Ship Winch Project
At Bond Instrumentation - Bond were involved in the HMS Diligent refit and needed to order 4 winch pins at approximately £2000 each. For peace of mind they decided to verify that the winch pins were of the correct size to withstand the forces expected. The pin is shown in the diagram below.
The winch is a winding system with two diameter cylinders one which is used as the brake, with a brake strap around it tightened by means of a hydraulic ram. This belt provides a frictional resistance to any rotation of the winch when the ram is switched on.
The winch it'self is a cylinder on which the mooring (steel) 'rope' is wound. The maximum wound up diameter (which will produce the greatest mechanical advantage on the winch), is the diameter used to calculated the maximum stresses on the pin.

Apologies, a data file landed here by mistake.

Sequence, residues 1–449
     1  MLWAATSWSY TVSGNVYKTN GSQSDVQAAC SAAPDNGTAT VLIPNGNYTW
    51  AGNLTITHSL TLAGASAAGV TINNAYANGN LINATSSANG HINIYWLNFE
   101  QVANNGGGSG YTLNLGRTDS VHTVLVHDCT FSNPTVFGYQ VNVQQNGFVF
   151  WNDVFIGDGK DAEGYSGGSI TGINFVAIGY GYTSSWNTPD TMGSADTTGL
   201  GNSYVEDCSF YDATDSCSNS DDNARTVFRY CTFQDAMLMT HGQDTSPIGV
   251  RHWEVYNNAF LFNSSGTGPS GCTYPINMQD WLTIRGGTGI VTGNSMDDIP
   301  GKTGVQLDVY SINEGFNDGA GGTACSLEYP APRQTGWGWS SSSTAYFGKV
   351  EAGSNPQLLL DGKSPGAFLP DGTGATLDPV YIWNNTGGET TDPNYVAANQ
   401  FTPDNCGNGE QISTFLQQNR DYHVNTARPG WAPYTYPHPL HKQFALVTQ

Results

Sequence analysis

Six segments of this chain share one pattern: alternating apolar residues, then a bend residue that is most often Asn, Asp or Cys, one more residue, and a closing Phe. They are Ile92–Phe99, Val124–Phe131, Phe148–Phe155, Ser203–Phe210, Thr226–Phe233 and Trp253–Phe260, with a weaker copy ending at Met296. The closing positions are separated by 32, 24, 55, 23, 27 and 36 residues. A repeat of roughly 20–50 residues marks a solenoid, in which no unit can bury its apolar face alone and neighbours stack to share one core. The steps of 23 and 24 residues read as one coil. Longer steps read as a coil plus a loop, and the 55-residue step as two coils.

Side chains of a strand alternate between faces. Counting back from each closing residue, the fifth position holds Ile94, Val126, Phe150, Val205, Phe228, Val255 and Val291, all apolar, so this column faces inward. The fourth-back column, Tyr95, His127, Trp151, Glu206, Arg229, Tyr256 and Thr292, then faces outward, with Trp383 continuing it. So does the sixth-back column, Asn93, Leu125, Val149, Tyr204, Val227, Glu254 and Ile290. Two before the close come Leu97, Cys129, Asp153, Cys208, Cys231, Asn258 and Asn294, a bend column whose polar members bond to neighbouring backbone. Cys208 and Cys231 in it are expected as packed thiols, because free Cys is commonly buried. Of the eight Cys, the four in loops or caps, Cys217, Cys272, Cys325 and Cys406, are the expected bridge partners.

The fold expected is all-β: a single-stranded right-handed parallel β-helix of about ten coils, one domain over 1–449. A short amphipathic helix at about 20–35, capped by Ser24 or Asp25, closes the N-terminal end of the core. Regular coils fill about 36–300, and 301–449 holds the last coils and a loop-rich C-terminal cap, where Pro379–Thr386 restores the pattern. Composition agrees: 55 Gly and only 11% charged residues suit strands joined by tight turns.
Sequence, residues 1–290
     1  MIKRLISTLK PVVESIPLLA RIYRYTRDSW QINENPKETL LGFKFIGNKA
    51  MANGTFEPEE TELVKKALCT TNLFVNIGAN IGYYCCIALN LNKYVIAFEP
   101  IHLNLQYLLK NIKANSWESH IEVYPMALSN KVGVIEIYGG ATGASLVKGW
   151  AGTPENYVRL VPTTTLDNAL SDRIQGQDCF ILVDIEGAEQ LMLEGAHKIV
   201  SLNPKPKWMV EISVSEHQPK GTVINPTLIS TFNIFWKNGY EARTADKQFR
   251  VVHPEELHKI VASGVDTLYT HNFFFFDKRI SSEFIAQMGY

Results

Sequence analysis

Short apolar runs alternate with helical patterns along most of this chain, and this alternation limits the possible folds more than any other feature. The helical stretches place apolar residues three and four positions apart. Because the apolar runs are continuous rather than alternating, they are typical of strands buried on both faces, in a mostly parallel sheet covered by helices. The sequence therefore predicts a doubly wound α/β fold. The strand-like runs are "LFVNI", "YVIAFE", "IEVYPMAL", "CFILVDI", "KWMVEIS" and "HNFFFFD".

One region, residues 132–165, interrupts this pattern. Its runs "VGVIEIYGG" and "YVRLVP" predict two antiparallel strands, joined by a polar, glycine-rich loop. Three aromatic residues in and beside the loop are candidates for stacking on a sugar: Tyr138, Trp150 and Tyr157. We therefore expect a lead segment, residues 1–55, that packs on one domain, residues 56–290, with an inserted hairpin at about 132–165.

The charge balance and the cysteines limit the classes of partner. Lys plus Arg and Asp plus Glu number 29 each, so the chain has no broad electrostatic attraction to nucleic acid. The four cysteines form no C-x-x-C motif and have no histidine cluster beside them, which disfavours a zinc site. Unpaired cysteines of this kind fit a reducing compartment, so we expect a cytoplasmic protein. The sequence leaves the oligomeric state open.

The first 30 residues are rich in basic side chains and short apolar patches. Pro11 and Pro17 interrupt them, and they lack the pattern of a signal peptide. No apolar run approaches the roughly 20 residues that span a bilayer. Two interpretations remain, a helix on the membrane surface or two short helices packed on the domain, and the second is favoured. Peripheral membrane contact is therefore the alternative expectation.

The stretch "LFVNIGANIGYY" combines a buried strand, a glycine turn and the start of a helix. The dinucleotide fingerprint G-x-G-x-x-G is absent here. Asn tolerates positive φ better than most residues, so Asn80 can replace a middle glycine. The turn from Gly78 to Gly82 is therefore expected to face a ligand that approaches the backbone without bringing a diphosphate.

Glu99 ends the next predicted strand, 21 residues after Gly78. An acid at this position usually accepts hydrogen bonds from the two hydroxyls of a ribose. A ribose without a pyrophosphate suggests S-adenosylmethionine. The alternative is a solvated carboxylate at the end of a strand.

Engineering analysis to follow... But basically there are two bending regeimes and a cross-sectional sheer stress system to take into account when analysing the maximum stresses in the pin.
The force on the winch pin will be a maximum when there are no forces acting on the ship pulling it away from it's mooring. These would otherwise be forces caused by the wind (windage), tides and a rouge captain placing the ship into full astern drive (very unlikely but you never know). With no load placed on the winch the hydraulic ram will be tightening the brake around the winch drum with no resisting forces and the entire load will be born by the pin.
The point at which the brake belt is about to slip will be the time when the force on the pin is zero.
Considering the first two only (windage and tide): The maximum specification for the winch was that it should withstand 100 tonnes of weight.
The maximum shear stress on the pin will be 100T / A (Area of the pin).